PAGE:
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(Sandy) Alex G - Islington Assembly Hall, London - September 2018

Elli Brazzill
Live Reviews
July 17, 2018

After two rousing performances from support acts Porridge Radio and Sorry, the crowd in Islington Assembly Hall hustles and bustles around the gorgeous and esteemed venue preparing for the one we’ve all been waiting for - Alex Giannascoli aka (Sandy) Alex G. All seems normal until the lights suddenly go down in time with the buzzing bass intro of Robbie Williams’ ‘Rock DJ’. Confused but dancing all the same, we boogie on until Alex G himself enters “I’ve heard that song is huge over here”.

The set dives straight into Giannascoli’s back catalogue with 2010’s ‘Remember’ swerving straight into ‘Forever’, a fan favourite from his 2015 album Trick. The band quickly moves on to ‘Proud’ and ‘Bobby’ from new album Rocket which sees the crowd immediately uproar in movement and excitement that some would not immediately correlate with the down-tempo country-influenced tracks. Although it’s seemingly understandable, Giannascoli has seen a dramatic leap in fan base (as well as venue) size since signing to Domino Records and releasing his last two albums Beach Music and the aforementioned Rocket.

One of the evening’s standout moments comes in the form of a seemingly impromptu jam session which makes the people in the room new to Giannascoli’s music step back in shock and awe. Although he may come off as a quiet oddball indie kid from the outside, (Sandy) Alex G is so much more than that. Starting with Rocket opener ‘Poison Root’, the track’s subtle distortion growing more cacophonous and resounding into ‘Brick’ - the loudest and most aggressive track in Sandy’s entire discography. Kids in the middle that were previously gently jumping and smiling are now diving into each other at full force, shoulders and elbows at the ready. We then get to witness the luscious transition into ‘Sportstar’ (a highlight on Rocket) for which the angry ‘moshers’ suddenly stop and stare in order to appreciate this angelic tune. It’s a fitting end to this typically unconventional part of the set, as Giannascoli sweetly and repeatedly sings “I play how I wanna play, I say what I wanna say”.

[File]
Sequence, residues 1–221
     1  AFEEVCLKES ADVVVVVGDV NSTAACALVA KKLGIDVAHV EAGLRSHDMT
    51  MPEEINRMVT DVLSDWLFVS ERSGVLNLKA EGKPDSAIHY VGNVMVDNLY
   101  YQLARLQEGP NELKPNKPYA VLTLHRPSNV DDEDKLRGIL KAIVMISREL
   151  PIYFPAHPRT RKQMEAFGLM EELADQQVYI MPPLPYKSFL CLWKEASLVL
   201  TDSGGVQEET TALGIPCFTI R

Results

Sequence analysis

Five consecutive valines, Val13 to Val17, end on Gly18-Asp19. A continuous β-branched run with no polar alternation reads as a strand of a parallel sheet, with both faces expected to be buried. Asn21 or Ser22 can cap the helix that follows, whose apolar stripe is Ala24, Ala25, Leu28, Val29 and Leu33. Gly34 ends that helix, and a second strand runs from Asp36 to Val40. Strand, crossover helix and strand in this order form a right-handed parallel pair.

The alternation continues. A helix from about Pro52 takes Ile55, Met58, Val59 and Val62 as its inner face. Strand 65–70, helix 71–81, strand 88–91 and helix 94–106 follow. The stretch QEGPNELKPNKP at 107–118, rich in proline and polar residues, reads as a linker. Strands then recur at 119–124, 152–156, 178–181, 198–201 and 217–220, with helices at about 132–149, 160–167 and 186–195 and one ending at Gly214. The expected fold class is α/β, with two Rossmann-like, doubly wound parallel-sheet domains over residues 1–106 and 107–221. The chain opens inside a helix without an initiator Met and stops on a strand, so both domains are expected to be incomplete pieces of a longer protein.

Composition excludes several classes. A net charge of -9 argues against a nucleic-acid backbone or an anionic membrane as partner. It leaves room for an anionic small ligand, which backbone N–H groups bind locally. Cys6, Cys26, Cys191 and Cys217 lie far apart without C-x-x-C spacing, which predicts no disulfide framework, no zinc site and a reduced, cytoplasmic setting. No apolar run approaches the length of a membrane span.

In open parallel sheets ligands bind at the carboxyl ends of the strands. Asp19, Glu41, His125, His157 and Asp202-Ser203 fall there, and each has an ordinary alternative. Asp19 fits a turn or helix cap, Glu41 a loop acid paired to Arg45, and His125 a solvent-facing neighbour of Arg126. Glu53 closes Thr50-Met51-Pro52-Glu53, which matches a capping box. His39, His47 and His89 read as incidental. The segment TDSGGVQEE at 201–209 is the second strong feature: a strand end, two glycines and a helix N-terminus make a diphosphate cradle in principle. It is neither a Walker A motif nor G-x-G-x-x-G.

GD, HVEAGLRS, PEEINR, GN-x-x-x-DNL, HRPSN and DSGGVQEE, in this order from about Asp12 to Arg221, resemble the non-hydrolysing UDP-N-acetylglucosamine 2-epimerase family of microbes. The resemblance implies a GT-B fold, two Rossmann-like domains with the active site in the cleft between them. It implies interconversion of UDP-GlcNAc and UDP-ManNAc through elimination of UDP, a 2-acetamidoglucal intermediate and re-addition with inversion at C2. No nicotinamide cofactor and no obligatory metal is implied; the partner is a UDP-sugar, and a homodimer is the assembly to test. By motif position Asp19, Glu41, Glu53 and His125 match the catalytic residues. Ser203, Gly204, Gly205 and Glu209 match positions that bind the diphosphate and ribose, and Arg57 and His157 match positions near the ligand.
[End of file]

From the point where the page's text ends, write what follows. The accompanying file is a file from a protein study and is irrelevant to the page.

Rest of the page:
The encore begins without a flicker of hesitation or even the standard “walk off-walk on” parade as Alex simply smiles and ask for song requests from the baying crowd. Whether the venue got their timings wrong or the band was misinformed, there seems to be a lot more time than expected for requests, much to our pleasure, as Alex G has told us it’s their ‘last song’ at least 3 times now. He manages to pick out the delights of ‘After Ur Gone’, ‘Brite Boy’, ‘Icehead’ and ‘Animals’ from what to me simply sounds like an indiscernible onslaught of yelps of shrieks. The final song does come around eventually in the form of ‘Change’ – the track I’ve been shouting for since this charade began. It’s a beautifully gentle wind-down to what has been an incredibly idiosyncratic evening for all.

Elli Brazzill

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